In other words, "Yes, I want to be healed, but I cannot. I've tried, I've done everything I know how. I want to get into that water, I want to be healed, but I lack the ability; I've no one to help me. I've given up. I have no hope."
Many people here this morning are like that. They have given up on their situation, refusing to believe there is any hope it can change. They see no way, from a human viewpoint, so they have resigned themselves to being weak, failing and faltering Christians for the rest of their lives.
I know there are some like that among us; there always are. I do not know what your problem is. Maybe you have tried to stop drinking. You know that alcohol is ruining your life, your family, your home. You thought you had it under control. You tried to stop but you discovered you could not. It is amazing to me how many people casually feel they are in control of something that really has control of them. You have heard of the person who said, "It's easy to stop smoking. I've done it hundreds of times!" That is a revelation, of course, of how much it controls him.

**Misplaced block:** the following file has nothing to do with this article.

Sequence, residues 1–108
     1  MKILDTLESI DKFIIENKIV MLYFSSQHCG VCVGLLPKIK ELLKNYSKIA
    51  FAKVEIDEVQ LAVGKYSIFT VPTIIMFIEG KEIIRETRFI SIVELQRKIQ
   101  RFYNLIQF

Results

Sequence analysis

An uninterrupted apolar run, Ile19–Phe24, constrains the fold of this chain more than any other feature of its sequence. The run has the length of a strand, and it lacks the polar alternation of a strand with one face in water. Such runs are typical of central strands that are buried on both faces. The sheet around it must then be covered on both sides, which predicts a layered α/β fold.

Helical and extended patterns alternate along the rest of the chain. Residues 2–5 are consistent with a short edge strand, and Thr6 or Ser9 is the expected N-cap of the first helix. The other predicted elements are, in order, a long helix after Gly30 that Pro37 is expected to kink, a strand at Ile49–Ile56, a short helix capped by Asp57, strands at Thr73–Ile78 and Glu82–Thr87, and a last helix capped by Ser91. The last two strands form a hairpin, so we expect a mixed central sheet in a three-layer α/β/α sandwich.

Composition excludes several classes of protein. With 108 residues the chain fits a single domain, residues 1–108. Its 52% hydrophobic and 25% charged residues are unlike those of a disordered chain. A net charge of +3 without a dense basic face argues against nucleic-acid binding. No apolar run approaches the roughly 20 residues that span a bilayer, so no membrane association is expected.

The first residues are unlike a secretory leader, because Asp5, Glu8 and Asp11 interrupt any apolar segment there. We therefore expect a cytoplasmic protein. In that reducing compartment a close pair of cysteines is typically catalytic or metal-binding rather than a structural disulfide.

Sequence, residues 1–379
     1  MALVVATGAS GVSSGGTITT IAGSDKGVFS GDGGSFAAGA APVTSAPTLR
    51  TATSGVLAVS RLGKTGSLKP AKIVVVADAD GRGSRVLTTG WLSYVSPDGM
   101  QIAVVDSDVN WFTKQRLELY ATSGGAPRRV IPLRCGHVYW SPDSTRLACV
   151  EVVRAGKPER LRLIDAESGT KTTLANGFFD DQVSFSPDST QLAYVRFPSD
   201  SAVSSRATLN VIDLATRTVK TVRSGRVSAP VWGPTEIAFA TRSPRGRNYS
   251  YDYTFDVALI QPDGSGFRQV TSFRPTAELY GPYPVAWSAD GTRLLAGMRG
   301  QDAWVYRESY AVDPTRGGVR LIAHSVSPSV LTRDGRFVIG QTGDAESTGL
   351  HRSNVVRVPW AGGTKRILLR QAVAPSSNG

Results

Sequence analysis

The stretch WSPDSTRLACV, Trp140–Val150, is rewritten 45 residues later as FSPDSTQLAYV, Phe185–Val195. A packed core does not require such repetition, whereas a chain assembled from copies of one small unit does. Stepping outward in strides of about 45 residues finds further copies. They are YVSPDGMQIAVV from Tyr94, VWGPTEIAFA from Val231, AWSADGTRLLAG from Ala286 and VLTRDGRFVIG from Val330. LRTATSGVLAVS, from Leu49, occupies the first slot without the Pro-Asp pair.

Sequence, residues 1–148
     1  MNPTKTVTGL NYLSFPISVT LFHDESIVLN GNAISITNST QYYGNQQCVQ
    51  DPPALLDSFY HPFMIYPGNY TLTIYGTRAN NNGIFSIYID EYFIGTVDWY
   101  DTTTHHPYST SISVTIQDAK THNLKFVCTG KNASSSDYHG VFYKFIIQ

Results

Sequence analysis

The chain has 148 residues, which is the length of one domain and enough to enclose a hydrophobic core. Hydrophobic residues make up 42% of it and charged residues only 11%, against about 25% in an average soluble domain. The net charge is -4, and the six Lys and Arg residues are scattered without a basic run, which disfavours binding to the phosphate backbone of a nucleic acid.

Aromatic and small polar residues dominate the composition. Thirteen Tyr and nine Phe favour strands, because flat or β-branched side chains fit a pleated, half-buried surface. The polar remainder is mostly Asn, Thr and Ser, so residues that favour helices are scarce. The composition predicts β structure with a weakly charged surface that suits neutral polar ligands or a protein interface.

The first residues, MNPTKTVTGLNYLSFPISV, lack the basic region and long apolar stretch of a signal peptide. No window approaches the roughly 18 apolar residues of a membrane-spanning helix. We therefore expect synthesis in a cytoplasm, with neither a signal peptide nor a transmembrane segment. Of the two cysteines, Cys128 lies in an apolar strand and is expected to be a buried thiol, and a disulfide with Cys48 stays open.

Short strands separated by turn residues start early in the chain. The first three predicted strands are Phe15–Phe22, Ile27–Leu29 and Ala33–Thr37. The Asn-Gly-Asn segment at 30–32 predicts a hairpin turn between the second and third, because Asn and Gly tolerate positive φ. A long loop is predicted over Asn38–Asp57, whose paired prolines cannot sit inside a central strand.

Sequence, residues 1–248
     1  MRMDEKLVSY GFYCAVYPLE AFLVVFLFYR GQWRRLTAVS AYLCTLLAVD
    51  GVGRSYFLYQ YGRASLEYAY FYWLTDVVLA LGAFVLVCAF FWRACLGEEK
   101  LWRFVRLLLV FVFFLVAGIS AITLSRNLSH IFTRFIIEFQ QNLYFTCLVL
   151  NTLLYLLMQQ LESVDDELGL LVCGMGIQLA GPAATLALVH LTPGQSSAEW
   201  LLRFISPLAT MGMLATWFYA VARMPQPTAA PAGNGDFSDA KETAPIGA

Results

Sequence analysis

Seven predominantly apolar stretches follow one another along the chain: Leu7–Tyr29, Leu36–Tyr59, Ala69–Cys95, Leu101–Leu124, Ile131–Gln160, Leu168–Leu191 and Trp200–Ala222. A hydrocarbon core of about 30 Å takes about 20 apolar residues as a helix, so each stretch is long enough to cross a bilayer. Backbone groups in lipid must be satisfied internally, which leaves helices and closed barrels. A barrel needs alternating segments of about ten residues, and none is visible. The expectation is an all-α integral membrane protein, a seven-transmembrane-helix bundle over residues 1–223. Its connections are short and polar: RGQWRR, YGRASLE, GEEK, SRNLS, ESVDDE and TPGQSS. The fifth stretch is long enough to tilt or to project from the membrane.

Many of you have tried to stop taking drugs, but you discovered you are hooked; that a habit you began by innocent experimentation has got a hold of you although you want to stop. Maybe you have given up wrestling with an inner problem of lust, of reading pornography.
A young pastor told me recently that his problem was that he loved to read pornographic magazines -- a pastor! Outwardly he was giving the impression that he was one of God's men -- inwardly pure, living a lifestyle that was honoring to God -- but inwardly there was a giving way. He told me he could not pass a magazine store without going in and looking at filthy magazines, buying them and taking them home with him, hiding them. He told me he had tried to stop but he could not. "What will I do?" he asked me.
Perhaps you do not see any hope for your marriage. You have tried to correct things. You have asked for help but nobody seems to care; it only gets worse. Many people are right where this man was, with a sense of helplessness and hopelessness of making any change.